This week I have the opportunity to lead the discussion at our Business Minds Group. I will be leading a discussion around one of the best books I have read in 2016. The book is entitled, Culture Trumps Everything, by Gustavo R. Grodnitzky, Ph.D.
I recently mentored a young sales person regarding the nuances of the sales cycle. He relayed how much activity his firm generated by end of quarter. He exuded pride for the energy created from his sales managers’ added pressure and end of quarter discounts that bolstered sales. My friend was surprised to hear me say that, as a sales leader in my own company and my previous companies, I de-emphasize end of quarter sales pushes, and we rarely offer end of quarter discounts.
I hope you realized that this is a trick question. Great leaders will spend about half of their time on these two important key competencies. My focus on excellence in these two areas has been one of the keys to my success as a manager. In In the future, I will write articles that will focus on best practices for hiring great employees, but this article will focus on how to make sure your employees are productive in the first six months.
If we can create a federal workplace that is strong, empowered, connected and fulfilled, this will inevitably have extra ordinary ramifications for the world in general, since what happens in our federal workplace does not stay here but reverberates around the world though thousands of interactions we have on the world stage. Dr. Marta Wilson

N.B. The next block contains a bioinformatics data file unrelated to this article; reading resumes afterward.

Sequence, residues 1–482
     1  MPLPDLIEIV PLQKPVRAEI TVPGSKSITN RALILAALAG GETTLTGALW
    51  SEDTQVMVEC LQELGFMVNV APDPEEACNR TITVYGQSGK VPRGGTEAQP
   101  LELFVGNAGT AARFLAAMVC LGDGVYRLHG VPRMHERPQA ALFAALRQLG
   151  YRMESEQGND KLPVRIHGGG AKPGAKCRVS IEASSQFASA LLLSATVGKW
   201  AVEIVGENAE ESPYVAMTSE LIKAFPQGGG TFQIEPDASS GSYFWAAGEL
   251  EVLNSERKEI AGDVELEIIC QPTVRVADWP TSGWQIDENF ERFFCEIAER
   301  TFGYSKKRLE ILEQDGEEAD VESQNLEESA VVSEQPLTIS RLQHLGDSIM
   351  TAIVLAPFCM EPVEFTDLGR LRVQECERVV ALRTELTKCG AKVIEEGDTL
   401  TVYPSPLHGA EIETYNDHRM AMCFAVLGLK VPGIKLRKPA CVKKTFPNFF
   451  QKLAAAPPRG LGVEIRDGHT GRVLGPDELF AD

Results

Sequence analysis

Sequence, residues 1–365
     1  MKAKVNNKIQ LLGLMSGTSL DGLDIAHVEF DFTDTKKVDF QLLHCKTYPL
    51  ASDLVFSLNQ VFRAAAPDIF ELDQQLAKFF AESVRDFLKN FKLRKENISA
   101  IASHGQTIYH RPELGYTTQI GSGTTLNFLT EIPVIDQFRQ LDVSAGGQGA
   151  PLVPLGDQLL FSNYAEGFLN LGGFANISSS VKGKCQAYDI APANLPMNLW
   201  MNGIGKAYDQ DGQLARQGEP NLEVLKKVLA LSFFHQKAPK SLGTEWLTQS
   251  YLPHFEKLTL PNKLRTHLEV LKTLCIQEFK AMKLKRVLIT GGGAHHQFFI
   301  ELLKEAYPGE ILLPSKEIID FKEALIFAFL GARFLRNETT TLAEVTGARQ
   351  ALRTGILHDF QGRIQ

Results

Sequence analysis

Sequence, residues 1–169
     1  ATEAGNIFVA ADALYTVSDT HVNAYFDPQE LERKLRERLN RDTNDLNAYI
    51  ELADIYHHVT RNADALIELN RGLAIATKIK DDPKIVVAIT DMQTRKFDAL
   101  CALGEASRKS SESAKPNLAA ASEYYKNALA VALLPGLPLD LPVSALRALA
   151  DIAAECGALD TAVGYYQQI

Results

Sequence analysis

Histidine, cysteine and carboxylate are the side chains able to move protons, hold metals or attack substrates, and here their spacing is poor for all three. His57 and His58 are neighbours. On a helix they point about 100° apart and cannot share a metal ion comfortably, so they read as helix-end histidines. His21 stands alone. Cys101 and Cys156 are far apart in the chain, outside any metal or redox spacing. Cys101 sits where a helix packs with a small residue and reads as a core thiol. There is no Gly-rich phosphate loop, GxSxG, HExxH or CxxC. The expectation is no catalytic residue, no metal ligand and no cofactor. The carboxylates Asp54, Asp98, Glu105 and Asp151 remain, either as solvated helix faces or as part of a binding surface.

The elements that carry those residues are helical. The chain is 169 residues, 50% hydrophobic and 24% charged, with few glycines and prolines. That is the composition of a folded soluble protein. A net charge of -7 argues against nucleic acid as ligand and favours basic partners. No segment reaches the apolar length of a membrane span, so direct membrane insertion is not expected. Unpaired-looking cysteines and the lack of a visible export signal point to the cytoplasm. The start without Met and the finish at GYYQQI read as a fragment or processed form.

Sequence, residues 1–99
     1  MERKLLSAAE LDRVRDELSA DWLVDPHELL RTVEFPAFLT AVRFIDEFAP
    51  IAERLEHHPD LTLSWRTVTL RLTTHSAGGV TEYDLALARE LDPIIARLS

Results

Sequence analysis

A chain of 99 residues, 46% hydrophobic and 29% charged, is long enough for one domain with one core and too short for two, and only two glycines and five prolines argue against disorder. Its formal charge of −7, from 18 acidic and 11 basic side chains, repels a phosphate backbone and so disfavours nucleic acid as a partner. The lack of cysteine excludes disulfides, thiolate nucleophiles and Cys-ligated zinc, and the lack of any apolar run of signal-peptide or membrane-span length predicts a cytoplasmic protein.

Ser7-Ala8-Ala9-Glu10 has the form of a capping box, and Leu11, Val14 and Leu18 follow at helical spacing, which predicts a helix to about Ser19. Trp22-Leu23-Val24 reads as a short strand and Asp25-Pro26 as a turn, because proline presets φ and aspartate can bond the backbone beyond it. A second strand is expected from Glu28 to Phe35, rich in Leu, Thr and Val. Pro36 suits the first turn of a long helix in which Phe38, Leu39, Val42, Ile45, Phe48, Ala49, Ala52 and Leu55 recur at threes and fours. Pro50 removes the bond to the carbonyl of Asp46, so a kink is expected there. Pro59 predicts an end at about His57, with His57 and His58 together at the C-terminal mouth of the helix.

Recently I attended a session at the Microsoft partner conference in Orlando, Florida. The speaker was @KrisPlachy. She had some great advice for managers on how to coach performance gaps. She started by giving three reasons why employees don't perform. It is important to understand if one of more of these problems exist before choosing your strategy.
- Knows what to do but unwilling to do it (mindset problem).
- Does not know what to do but is willing to learn (skillset problem).
- Does not know what and is unwilling to learn.
If an employee has a mindset and a skillset problem the mindset problem will need to be addressed first. A manager should address a mindset problem by creating awareness through inquiry, confirm willingness to change, follow up, measure progress.
- What are the reasons for not doing what they are supposed to do?
- Do they blame others for external factors for non-performance
- What thoughts do they have about doing their job or work?
Below are some questions to help create awareness.
- What are your thoughts about the assignment?
- How do you feel when you think that way?
- How do you act when you feel this way?
- What results do you get with these actions?
She suggest using the CTFAR Model to help employee work though mindset problems.
- Thoughts (Evidence will change thoughts)
If the employee does not know how, but wants to learn you have a skillset issue. Kris suggests the following strategy to address skillset issues.
- Tell: them what you want done
- Show: them what you want done
- Do: Have them do the work as you observe
- Review: Provide Feedback on their skill
After using the skills transfer process be sure to follow up. It is going to cost your more in time to have an employee that is a performance issue than to practice good follow up. What are your thought on performance management?